Regulators Discuss Doubling Worker Contributions to Fund Troubled Retirement Mandate

Issues & Policies

As concerns continued to mount around the state’s troubled retirement plan mandate, regulators met Jan. 19 to continue implementing a program universally opposed by Connecticut’s business community.
After postponing implementation of the mandate at its last meeting in November, the Connecticut Retirement Security Authority now faces additional obstacles, including funding sources.

Retirement plan mandate

“Needless, burdensome new mandate.” CRSA board members meet January 19.

The authority was created in 2016 after the state legislature narrowly approved the mandate, with Lt. Gov. Nancy Wyman’s vote needed to break a tie in the Senate.
The mandate (Public Act 16-29) forces employers with five or more employees to enroll any full- or part-time employee not eligible for an employer-sponsored retirement plan into a separate plan administered by the authority.
The ill-advised bill’s authors argued that private sector workers were not saving enough for retirement.
Rather than encourage greater participation in private sector 401(k) retirement plans, they created a plan that offers no tax benefit to employees—unlike private sector plans.
The legislation mandates employee contributions at 3% of salary, but deducts that from wages after taxes, with those contributions used to fund the bureaucracy needed to administer the plan.

Shaky, Costly Scheme

The mandate was set to take effect in January this year, but the authority—which only met for the first time in August 2017, more than a year behind schedule—postponed implementation at its November meeting.
The authority is now expected to decide when to launch the program at its next meeting in March.
This retirement plan mandate was a shaky, costly scheme from the start, and the authority’s clumsy attempts to prop up the program and its new administrative superstructure have been no different.
The difficulties in designing and launching the program haven’t stopped the authority from preparing to advertise for an executive director and develop a budget that ponders doubling employee contributions outlined in the original legislation.

This mandate was a shaky, costly scheme from the start, and the clumsy attempts to prop it up have been no different.

At its January meeting, CRSA members discussed hiring an executive director at a $130,000 per year plus other compensation, including 401(k) retirement and healthcare benefits that are less than the typical state employee plans.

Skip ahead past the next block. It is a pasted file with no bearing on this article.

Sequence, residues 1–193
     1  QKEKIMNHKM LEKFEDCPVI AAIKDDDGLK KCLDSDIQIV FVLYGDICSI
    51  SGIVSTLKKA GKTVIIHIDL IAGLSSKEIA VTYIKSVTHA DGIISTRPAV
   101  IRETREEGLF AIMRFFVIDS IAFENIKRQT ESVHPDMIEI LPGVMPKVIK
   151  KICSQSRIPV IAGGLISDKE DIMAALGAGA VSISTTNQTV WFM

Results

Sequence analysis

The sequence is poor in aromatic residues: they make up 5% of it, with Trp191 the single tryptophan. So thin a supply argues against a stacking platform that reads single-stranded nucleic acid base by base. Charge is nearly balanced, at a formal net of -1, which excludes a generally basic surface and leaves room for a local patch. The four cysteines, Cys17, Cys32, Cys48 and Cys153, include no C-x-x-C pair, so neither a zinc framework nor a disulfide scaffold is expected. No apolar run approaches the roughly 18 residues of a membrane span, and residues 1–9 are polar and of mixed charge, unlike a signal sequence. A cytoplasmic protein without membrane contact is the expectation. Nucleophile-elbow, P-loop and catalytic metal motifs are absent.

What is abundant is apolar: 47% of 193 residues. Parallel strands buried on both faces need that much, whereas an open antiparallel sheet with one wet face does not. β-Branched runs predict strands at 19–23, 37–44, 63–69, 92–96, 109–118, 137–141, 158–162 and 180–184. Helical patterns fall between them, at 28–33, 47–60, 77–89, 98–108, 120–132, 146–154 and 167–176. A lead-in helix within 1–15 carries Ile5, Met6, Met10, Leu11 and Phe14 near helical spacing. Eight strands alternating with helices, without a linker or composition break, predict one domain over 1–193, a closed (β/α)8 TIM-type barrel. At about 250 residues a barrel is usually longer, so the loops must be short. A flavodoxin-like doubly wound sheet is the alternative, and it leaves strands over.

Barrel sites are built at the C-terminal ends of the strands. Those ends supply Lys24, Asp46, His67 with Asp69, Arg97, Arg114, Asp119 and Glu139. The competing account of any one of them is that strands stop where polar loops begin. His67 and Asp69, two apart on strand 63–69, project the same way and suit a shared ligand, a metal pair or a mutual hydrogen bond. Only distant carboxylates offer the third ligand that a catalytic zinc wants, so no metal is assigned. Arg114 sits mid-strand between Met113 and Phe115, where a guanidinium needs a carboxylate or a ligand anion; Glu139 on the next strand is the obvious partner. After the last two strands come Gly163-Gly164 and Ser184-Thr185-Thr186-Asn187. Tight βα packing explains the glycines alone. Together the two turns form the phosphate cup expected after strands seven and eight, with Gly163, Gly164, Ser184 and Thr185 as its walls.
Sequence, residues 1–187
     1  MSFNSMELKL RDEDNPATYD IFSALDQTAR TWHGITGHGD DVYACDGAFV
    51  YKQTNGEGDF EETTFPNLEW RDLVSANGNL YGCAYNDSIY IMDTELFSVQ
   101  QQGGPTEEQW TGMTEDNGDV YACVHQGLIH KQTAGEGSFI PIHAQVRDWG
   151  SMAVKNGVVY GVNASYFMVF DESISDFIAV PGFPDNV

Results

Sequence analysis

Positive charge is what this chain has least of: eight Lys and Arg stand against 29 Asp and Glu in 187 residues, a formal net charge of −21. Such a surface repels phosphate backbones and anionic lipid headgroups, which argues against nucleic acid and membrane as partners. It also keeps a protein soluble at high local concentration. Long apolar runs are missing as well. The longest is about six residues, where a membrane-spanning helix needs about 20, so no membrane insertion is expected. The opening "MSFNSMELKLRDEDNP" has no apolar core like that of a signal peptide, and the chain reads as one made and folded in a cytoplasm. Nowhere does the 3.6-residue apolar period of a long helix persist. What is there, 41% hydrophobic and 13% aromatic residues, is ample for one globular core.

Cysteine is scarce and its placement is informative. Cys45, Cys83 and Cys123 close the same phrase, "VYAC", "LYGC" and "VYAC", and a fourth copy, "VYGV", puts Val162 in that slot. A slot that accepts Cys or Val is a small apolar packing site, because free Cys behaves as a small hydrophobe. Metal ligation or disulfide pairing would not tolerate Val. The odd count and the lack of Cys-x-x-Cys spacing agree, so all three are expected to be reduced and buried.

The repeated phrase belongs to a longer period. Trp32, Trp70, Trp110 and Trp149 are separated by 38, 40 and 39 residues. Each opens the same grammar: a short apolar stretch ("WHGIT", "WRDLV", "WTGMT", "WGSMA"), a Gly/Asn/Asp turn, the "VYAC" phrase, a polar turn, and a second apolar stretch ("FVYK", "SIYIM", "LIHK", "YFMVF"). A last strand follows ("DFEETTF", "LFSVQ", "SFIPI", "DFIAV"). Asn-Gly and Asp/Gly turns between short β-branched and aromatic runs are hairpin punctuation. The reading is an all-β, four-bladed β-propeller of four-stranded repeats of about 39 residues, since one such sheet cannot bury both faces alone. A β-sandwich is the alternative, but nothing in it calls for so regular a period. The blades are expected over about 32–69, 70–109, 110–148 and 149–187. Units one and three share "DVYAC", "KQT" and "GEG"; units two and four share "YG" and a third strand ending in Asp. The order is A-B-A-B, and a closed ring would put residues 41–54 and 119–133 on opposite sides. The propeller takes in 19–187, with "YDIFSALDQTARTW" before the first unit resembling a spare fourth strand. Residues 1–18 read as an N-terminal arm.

Not to worry. Board members suggested they may eventually enroll the director in the more-expensive state retirement and healthcare systems once the retirement fund starts to collect employee contributions.
The cost of eventually enrolling the executive director into the state healthcare and retirement plans would be deducted from the savings of those workers contributing to the plan.

Doubling Employee Contributions?

The conversation then moved to other expected expenses, including roughly $200,000 for legal services to draft governing board documents, management fees, consultant fees, surety bonds, insurance, rent for office space within Department of Labor facilities, and other fees and expenditures.
Next came the discussion on how to fund this spending.
One idea was to pay some authority expenses with money left over from the $400,000 lawmakers appropriated many years ago to study a state-administered retirement plan. These funds have been under control of the state comptroller's office.
Despite the questionable notion of raiding one-time funds intended for another purpose, the authority approved a memorandum of understanding on spending these funds.
One board member suggested they could fund their operation more quickly by doubling the mandated employee contribution from 3% to 6%.
Another board member noted "this would just be like 401(k) plan costs available in the private sector. They need to charge various fees and costs to keep the plan solvent."
But other board members appeared to grow weary discussing spending without appropriate funding sources.

House of Cards

Last year, a powerful bipartisan coalition of legislators enacted long overdue spending and borrowing reforms, indicating a willingness to be better stewards of hard-earned tax dollars.
However, there is perhaps no better case study in unwarranted legislation gone awry than the stumbling effort by well-intentioned CRSA members to bring the retirement plan mandate to life.
This mandate is an expensive house of cards built on a false narrative that retirement plans are unavailable to some workers when, in fact, they are available to any worker who wants one.

A misguided decision to muscle the state into the financial services industry in a way that takes more money out of workers' pockets.

From the beginning, a coalition of 70 business organizations led by CBIA argued that hundreds of such plans are already available online or at local banks, and that this is a needless and burdensome new mandate for businesses that lack the expertise and time to comply.
Authority members cannot be blamed for struggling to implement a poorly drafted plan.
But both businesses and their employees will soon pay for the misguided decision to muscle the state into the financial services industry in a way that takes more money out of workers' pockets than if they signed up for an already available 401(k) savings plan.

For more information, contact CBIA's Eric Gjede at 860.244.1931 | @egjede


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